As Morgan Spencer celebrates its 20th anniversary this year, it’s amazing to reflect on how much the workplace has changed since we were first established. In 2000, most offices still had paper files and overhead projectors. Social media was a new concept, meetings were always in-person and actually the most efficient way for co-workers to communicate, and office culture was a barely-minted buzzword in the HR sphere.
One of the biggest changes has been location flexibility – an idea that’s rocketed to prominence in the wake of COVID-19, but which has actually been gaining steam since the introduction of videoconferencing and internal instant messaging systems. Especially in the tech industry and other cutting-edge sectors, remote workers and even entire remote companies have become commonplaces.
When we do come into the office, we’re more casual than we were twenty years ago, with strict office dress codes mostly becoming a thing of the past – although they endure in certain client-facing professions that value a respectable image, like finance and law. Still, things that used to be dealbreakers for employers – like tattoos and unconventional haircuts – are widely accepted, and overall, the new generations of bosses and workers alike value individuality and self-expression.
In general, the values of office culture have shifted – beginning with the fact that “office culture” is a thing now, going beyond holiday parties and team-building seminars to more varied offerings that encourage friendship between colleagues. Some companies even plan office-wide trips or take everyone out to eat once a month.
But without question, the biggest change has been in the area of technology and how we use it at work. Not only has it made the workday faster-paced, more convenient, and better organised (well, sometimes), it has changed every department of the average business, from security to sales. It seems unthinkable now – when no successful company is without a complete social media branding strategy – that in 2000 some large organisations had only just set up a website.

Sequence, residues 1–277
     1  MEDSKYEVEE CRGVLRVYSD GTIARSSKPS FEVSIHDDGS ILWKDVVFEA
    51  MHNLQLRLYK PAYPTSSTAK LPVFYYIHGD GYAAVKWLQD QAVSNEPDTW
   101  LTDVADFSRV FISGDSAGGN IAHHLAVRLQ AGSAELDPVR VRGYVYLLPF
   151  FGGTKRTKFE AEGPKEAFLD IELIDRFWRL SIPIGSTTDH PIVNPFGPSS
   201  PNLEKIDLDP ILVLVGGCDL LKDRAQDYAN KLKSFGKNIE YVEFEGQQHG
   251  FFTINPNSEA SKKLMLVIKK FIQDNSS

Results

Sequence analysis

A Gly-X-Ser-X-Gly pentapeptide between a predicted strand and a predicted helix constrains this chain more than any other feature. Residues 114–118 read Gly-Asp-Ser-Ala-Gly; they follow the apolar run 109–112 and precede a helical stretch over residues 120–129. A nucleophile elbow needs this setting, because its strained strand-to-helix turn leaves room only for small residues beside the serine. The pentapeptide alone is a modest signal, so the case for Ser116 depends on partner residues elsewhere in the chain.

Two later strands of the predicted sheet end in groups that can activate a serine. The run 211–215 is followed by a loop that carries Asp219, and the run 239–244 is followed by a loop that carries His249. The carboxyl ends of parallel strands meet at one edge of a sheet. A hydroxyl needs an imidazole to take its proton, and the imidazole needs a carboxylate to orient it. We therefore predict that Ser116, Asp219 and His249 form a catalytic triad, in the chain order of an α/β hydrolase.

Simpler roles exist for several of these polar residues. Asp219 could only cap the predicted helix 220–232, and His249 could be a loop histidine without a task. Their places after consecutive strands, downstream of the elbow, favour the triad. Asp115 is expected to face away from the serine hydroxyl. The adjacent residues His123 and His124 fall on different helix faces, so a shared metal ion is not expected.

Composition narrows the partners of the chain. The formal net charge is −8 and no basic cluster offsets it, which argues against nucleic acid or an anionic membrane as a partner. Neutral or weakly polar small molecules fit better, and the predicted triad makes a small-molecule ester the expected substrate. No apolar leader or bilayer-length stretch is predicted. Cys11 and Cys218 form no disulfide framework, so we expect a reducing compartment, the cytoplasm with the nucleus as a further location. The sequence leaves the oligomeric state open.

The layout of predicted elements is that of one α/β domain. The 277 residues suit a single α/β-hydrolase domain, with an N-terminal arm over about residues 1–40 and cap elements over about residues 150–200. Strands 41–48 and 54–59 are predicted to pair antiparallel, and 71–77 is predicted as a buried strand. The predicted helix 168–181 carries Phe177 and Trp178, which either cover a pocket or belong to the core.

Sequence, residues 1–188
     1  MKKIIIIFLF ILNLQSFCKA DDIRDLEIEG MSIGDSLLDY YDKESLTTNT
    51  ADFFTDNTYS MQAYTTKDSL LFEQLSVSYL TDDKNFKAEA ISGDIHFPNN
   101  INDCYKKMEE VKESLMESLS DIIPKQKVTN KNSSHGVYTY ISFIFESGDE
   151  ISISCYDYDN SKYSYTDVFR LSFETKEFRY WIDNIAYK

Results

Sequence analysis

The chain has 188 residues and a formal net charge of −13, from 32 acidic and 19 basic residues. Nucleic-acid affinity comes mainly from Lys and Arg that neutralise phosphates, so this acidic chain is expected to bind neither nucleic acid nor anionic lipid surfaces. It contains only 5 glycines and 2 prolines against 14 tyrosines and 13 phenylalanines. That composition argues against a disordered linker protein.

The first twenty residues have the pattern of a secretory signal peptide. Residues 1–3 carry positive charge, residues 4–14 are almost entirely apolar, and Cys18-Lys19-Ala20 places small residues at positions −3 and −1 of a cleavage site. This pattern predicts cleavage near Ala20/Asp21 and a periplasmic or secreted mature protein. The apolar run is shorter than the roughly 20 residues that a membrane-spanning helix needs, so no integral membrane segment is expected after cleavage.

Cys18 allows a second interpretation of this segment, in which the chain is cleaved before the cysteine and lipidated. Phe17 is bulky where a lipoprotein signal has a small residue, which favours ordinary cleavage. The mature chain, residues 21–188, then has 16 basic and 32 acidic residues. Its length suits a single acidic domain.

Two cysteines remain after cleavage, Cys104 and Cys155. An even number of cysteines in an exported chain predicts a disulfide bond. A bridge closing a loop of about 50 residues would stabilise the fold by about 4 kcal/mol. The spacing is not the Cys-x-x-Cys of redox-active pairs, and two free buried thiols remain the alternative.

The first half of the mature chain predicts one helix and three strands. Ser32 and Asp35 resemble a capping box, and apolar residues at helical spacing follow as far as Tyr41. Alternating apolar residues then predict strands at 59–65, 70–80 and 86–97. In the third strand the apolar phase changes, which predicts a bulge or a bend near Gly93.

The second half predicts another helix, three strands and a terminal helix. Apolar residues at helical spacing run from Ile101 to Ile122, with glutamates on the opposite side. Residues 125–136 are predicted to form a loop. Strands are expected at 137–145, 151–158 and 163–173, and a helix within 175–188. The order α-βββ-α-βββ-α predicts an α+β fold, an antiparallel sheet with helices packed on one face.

Nowadays the technological side of work is in constant flux. Software updates that would have been big events ten or fifteen years ago are now delivered on the fly. The technology we use is both more flexible and more specific, with apps being developed to analyse and deliver any type of information. Yet, we are also beginning to look critically at our always-plugged-in world and ask how we can integrate work into the rest of our lives in a way that’s healthy and fulfilling.
So what’s next? Many experts predict that offices will downsize as more employees choose to work from home, and companies will use their office space differently – becoming more like meeting hubs for employees who may sign in from all over the world.
As work becomes more efficient, it may be possible for companies and their employees to do more with less, offering shorter or more flexible hours for more targeted completion of tasks. Hopefully we will become more long-sighted after weathering the COVID crisis, with greater focus on sustainability and employee retention. If the past two decades have proven anything, it is that change is the only guarantee – and together, we can make sure it’s change for the better.